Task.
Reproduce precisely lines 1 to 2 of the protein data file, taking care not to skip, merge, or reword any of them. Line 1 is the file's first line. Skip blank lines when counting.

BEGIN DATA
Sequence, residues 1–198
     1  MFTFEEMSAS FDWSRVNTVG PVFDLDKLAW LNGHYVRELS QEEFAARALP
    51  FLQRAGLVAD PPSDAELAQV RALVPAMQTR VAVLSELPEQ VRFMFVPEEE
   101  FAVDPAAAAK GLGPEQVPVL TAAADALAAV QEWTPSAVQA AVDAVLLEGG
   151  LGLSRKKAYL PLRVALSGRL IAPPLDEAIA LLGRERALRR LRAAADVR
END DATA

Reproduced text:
Sequence, residues 1–198
     1  MFTFEEMSAS FDWSRVNTVG PVFDLDKLAW LNGHYVRELS QEEFAARALP